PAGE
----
PLP chairman can’t say if PM will stand for re-election

Bradley Roberts

Bradley Roberts


Tribune Staff Reporter


PLP Chairman Bradley Roberts yesterday could not say whether Prime Minister Perry Christie would offer himself for re-election as leader of the Progressive Liberal Party at the party’s convention in November.

That answer, Mr Roberts said, will “evolve in due course”.

Mr Roberts also said he personally has not determined whether he would be run again as chairman of the party.

Mr Robert’s statements came at a press conference at PLP headquarters yesterday morning to

announce plans for the party’s upcoming national general convention. The PLP’s leadership and other positions will be contested at the time.

Although it was expected to be held in the last week of October, PLP Convention Chairman and Labour Minister Shane Gibson yesterday announced that the event is now scheduled for November 1-7 at the Melia Nassau Beach Resort.

Mr Christie, who is currently serving his second, non-consecutive term as prime minister, has not given any clear indication of his political future.

Mr Roberts has previously said that there would be widespread support for Mr Christie remaining leader of the PLP, especially if former Prime Minister Hubert Ingraham returns to the political fray as some speculate.

Others, meanwhile, have insisted that the 72-year-old will step aside as leader but will delay declaring a definite position on his future for as long as possible to ensure party stability ahead of a leadership race that is expected to be robust.

When questioned by The Tribune on this, Mr Roberts replied: “That will evolve in due course. All positions in the party will be declared vacant and those persons who are desirous of nominating for offices in our party will be invited to do so.”

When asked if he would be offering himself to be re-elected as party chairman, Mr Roberts said: “I haven’t made up my mind as yet.”

While in opposition, Mr Christie indicated that he would consider stepping down as party leader mid-term and name a successor. However, he later said he intended to serve a full term if elected as prime minister in 2012.

In January, during a televised interview with State of Affairs on ZNS, Mr Christie said it would take a “compelling, tangible” reason for him to lead his party into the next general election. He revealed that he told his family in the lead-up to the last general election that the 2012 campaign would be his last.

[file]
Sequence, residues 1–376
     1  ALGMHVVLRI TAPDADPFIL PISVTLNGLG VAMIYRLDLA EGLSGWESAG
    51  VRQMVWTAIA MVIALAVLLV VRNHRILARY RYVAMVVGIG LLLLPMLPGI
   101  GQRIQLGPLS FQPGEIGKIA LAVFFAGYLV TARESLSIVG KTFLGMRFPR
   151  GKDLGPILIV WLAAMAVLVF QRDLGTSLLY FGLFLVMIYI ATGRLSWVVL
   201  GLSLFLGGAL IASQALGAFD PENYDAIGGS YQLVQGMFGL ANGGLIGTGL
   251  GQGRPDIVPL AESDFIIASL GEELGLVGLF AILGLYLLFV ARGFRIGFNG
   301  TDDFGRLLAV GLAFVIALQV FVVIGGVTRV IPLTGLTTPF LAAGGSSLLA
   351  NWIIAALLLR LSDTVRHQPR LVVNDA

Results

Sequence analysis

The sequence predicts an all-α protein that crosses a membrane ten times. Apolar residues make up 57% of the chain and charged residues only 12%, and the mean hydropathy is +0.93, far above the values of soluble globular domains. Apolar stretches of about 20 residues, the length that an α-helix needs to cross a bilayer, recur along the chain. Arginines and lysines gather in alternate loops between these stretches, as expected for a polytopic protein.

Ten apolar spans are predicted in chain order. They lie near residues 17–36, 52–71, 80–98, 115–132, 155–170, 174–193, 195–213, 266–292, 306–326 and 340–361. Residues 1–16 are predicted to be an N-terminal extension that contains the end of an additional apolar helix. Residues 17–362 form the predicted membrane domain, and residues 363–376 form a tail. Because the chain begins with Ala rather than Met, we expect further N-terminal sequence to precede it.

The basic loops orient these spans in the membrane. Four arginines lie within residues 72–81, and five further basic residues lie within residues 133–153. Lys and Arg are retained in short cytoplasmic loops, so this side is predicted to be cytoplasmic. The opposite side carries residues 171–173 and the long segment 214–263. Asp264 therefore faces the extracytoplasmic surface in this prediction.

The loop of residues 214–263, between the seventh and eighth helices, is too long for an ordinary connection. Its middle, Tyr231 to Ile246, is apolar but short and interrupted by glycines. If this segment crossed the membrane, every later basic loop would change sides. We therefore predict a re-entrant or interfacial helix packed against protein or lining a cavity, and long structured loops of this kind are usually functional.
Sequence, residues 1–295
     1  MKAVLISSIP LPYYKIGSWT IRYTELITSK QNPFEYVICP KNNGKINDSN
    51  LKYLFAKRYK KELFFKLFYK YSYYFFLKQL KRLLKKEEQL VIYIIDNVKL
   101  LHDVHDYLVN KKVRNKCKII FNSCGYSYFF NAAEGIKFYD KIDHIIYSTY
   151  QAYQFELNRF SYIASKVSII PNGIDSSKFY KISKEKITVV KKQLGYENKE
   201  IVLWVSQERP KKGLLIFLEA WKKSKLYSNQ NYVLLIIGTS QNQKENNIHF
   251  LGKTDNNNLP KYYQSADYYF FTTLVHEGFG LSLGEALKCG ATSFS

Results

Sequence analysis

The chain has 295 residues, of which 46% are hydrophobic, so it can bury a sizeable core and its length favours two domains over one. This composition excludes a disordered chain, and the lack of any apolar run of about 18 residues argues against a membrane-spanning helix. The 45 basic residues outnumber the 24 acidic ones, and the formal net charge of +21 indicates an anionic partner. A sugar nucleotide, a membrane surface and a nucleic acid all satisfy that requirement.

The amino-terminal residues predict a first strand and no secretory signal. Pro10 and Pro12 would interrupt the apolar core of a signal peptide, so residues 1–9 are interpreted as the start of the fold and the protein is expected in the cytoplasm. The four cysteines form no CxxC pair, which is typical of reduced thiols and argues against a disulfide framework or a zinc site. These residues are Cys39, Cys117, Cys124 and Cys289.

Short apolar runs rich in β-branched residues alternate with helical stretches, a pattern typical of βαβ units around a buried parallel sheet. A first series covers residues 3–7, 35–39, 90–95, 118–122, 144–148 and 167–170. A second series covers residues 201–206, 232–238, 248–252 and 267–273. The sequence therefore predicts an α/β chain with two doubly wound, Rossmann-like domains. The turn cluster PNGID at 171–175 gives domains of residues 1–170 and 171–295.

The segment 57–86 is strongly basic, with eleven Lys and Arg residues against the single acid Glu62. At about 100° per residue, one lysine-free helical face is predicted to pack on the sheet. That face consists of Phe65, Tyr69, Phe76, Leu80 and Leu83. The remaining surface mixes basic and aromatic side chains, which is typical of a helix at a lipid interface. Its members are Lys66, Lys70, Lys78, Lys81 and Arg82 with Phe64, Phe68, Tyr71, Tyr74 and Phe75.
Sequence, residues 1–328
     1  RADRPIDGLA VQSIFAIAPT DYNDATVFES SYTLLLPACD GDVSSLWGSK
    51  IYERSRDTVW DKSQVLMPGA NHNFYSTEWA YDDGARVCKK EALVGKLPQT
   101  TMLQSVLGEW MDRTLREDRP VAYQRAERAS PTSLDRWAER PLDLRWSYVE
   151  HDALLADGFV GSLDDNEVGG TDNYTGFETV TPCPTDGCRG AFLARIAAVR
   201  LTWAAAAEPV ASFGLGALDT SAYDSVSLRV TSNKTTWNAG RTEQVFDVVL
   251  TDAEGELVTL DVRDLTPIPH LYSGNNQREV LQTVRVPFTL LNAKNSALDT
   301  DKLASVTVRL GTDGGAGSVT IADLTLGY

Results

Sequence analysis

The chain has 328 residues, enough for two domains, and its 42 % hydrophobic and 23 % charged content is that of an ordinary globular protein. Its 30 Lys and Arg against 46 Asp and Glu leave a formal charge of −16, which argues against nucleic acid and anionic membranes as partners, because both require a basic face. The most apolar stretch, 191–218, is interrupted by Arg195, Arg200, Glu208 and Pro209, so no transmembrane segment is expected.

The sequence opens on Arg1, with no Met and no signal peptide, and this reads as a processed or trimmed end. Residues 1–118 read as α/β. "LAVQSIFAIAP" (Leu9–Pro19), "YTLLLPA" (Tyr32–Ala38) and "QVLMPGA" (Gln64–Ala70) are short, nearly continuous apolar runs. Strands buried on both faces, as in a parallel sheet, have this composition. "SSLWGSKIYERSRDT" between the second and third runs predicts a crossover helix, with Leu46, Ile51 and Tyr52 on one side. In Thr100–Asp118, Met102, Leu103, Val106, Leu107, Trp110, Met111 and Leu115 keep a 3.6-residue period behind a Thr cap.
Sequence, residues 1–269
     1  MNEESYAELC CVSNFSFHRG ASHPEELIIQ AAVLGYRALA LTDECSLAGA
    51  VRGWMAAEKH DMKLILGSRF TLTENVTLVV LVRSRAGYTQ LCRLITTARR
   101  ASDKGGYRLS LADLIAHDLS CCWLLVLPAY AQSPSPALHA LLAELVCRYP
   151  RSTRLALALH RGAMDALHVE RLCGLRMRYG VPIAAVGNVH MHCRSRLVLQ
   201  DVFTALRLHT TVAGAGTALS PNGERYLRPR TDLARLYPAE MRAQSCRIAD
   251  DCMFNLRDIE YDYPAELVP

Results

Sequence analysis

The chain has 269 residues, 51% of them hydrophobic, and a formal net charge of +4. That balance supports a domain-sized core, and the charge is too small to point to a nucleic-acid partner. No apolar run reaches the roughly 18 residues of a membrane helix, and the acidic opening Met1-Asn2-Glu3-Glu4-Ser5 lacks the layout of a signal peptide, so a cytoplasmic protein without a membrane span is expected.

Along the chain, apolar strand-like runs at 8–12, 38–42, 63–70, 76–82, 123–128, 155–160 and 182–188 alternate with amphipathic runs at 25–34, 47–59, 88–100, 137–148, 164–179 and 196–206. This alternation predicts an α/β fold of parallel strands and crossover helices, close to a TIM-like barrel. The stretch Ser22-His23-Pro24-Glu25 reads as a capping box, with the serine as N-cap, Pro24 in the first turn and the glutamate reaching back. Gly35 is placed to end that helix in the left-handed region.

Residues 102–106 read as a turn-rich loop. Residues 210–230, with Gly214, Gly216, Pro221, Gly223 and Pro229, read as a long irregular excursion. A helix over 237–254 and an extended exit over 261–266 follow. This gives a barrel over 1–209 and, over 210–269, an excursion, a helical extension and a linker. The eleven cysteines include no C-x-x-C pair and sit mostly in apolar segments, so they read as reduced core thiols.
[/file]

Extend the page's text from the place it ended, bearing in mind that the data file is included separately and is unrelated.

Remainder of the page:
Nonetheless, he said that people across the country continually urge him to remain leader of the party.

So far, Deputy Prime Minister Philip “Brave” Davis, Tourism Minister Obie Wilchcombe, Foreign Affairs Minister Fred Mitchell and Education Minister Jerome Fitzgerald have all been named by party insiders as possible successors to Mr Christie.

Mr Davis and Mr Wilchcombe have made their leadership aspirations public but have both said that they would not challenge Mr Christie for his position. They have both said that their plans depend on whether Mr Christie offers himself for re-election.

This upcoming convention will be the PLP’s first convention since 2009, despite the party being mandated to hold one annually.

Under the theme “Transforming the Nation for The Next Generation,” Mr Gibson said this year’s convention will give “thousands of delegates, party supporters, and observers from across the country” an opportunity to hear from party leaders on their vision for our country’s future.

According to Mr Gibson, convention activities will start on November 1 with a special prayer breakfast. Convention sessions, he said, will run from November 4 to 6 and the week will end with an Installation Ball on November 7.

The closed day sessions, he said will focus on critical issues facing the nation, a review of the PLP’s current term in office, plans for the remainder of its term, transformative plans for the future development of the Bahamas, reports and administrative matters related to the PLP, election of party officers, amendments to the party’s constitution and resolutions for the consideration of the party.

The night sessions, which are open, will be used to “examine policy issues and the government’s agenda, while striking the perfect balance between new faces of the PLP and experienced leadership,” he said.

The convention also will be broadcast live and include live streaming and interactive communication.


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